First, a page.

2019: What CMS Accomplished
It’s difficult to overstate the significance of CMS’s mission. The agency’s actions affect millions of people, allocate over one trillion dollars and ultimately do much to influence America’s health. When I took on the position of Administrator, I was often advised to choose one or two areas of focus. Don’t take on too much, or you might not get anything done – so the advice went. But I perceived that the problems in American healthcare call for sweeping, not incremental, change. I also saw that CMS, tasked with such wide-ranging responsibilities, was capable of driving that sort of transformational shift. So we designed to transform the healthcare system by delivering affordability, accessibility and quality—in short, to put patients first at every turn. The hard-working and talented staff at CMS have validated my optimism to a degree even I had not expected.
These strategic initiatives guide our work, and the results are showing. Our nicely encapsulates some of the highlights. We’ve used best practices from private industry to make our programs more sustainable and available to vulnerable people who need them.
President Trump has an ambitious healthcare agenda, and his leadership has strengthened our will to bring that agenda to fruition. His Executive Orders – such as those dedicated to Medicare, kidney health, and price transparency – have challenged us to:
- Reduce overly burdensome and unnecessary regulations;
- We saved the medical community an estimated $6.6 billion and 42 million hours of burden through 2021, returning them time and resources to devote to patients – not needless paperwork.
- We eliminated 79 measures across quality payment programs in the hospital setting, inpatient psychiatric facilities, ambulatory surgery, cancer hospitals, and hospital outpatient departments through the Meaningful Measures initiative. This resulted in projected savings of $128 million and an anticipated reduction of 3.3 million burden hours.
- Expand price transparency across the healthcare delivery system by finalizing policies that make hospital prices more transparent, and proposing additional policies for insurance plans to disclose price and cost-sharing information up front, so patients are more informed about costs;
- Strengthen the individual health insurance markets by issuing regulations and guidance that increase competition, expand choice, and give states more flexibility to innovate their own solutions to improve their markets;
- Step up our efforts to keep fraudulent providers out of our program: in 2019, we took administrative action against 130 companies that claimed over $1.7 billion for medically unnecessary back, shoulder, wrist and knee braces and suspended 11 laboratory providers who billed Medicare for more than $2.1 billion in medically unnecessary cancer genetic testing;
- Add 11 new procedures that Medicare can pay for in the hospital outpatient setting when previously only paid for in the hospital inpatient setting, giving patients the choice to go home after a procedure;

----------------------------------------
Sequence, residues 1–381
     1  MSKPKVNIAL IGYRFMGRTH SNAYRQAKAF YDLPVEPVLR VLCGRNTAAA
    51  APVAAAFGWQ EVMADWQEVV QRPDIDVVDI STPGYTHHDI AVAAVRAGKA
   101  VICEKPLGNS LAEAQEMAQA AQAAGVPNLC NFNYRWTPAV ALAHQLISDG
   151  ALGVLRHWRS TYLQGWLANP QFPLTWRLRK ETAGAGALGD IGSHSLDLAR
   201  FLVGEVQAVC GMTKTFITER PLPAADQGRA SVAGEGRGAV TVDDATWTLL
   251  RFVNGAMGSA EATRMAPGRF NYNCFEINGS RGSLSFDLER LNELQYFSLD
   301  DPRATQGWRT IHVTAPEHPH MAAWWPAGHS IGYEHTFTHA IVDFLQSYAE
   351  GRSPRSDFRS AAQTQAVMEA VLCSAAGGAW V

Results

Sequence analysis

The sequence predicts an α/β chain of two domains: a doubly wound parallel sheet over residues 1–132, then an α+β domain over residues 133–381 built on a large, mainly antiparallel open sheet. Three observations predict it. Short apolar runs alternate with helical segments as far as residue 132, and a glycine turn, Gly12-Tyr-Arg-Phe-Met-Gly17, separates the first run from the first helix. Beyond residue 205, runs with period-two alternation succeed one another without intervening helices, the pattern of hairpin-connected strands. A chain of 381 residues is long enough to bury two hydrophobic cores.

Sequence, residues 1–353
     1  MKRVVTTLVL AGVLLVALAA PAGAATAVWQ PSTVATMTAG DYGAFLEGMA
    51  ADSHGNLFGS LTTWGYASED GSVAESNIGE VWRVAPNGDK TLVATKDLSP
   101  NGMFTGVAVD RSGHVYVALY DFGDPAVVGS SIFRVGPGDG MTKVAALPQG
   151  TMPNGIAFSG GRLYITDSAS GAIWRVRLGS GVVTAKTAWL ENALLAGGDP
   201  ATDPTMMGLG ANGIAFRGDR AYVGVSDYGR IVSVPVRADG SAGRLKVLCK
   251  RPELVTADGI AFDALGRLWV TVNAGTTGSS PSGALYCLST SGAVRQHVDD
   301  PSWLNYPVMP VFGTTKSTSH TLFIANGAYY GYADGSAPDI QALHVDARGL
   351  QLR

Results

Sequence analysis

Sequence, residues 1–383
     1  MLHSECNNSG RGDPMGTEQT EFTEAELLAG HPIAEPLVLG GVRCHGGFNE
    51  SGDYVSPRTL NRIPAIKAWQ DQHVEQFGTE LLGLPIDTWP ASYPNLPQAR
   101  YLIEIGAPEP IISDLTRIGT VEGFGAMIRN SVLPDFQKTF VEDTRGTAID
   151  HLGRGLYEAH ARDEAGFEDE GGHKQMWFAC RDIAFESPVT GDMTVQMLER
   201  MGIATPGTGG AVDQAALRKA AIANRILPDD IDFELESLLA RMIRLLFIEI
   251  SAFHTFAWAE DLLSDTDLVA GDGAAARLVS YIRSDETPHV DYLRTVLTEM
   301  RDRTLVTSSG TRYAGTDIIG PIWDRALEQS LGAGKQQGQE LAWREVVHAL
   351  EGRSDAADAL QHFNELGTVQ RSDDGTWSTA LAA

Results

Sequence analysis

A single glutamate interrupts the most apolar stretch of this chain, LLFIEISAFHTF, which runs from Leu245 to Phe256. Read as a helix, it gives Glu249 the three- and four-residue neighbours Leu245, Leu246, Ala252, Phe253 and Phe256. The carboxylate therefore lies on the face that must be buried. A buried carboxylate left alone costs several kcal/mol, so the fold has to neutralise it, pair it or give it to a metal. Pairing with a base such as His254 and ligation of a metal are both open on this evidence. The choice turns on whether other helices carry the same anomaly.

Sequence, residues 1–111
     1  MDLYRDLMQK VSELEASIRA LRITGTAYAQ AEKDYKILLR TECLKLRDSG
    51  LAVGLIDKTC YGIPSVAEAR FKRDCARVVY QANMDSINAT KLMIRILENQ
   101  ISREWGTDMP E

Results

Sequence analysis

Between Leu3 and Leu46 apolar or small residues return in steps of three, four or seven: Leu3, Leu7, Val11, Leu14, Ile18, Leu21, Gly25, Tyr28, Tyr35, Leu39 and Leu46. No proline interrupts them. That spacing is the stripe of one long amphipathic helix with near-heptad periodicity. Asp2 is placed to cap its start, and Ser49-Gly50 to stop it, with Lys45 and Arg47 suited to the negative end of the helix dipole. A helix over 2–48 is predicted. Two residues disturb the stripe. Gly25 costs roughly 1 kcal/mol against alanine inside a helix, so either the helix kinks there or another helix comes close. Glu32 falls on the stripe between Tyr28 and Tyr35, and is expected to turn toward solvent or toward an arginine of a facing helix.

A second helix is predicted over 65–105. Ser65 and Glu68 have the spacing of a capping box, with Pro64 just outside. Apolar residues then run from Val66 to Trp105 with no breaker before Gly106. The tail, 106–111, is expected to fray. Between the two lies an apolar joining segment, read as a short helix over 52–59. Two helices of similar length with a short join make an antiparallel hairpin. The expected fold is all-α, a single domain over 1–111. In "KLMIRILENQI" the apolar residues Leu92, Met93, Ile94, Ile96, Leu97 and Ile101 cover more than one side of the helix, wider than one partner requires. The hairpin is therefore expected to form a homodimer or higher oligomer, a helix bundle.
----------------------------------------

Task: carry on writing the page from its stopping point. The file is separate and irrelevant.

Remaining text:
- Propose the new ESRD Treatment Choices Model to improve kidney care
- Streamline the innovative medical products process by providing alternatives for new technology add-on payment (NTAP) pathways in which Breakthrough Devices are no longer required to demonstrate evidence of “substantial clinical improvement” to qualify for an NTAP.
- Release for the first time a robust repository of research-ready Transformed Medicaid Statistical Information System (T-MSIS) data files. Now, researchers and others can answer questions about Medicaid and CHIP enrollment, services, and payment; and
- Propose the first comprehensive update to Medicaid’s fiscal regulations in decades to ensure dollars support patient needs and taxpayer resources are appropriately protected.
We’re already seeing tangible results. Average Medicare Advantage premiums are lower, and plan choices for beneficiaries increased after we implemented policies to strengthen negotiation and maximize competition. 1,200 Medicare Advantage plan options have been added since 2018, and premiums have gone down 23 percent from 2018 to their lowest level in 13 years. For the third year in a row, the average basic premium for Medicare Part D prescription drug plans, which cover prescription drugs that beneficiaries pick up at a pharmacy, is projected to decline. Over the past three years, average Part D basic premiums have decreased by 13.5 percent, from $34.70 in 2017 to a projected $30 in 2020, to their lowest point in seven years. This has saved beneficiaries about $1.9 billion in premium costs over that time.
That’s real money in people’s pockets, and we’re seeing similarly positive results from our efforts to strengthen the individual market. In 2020, average premiums for plans sold on HealthCare.gov dropped for the second consecutive year. At the same time, the number of issuers participating on HealthCare.gov increased by 20, bringing the total of new issuers to 43 since 2018.
While the results speak for themselves, much remains to be done. We at CMS are determined not to rest on our laurels but to bring the work of the agency to even greater heights. Our goal is to continue lowering the cost of healthcare, which remains too high for so many Americans; to increase access for vulnerable populations; and to ensure the sustainability of our programs, so they remain a lifeline for future generations. Stay tuned for more in 2020. Our work has only just begun.
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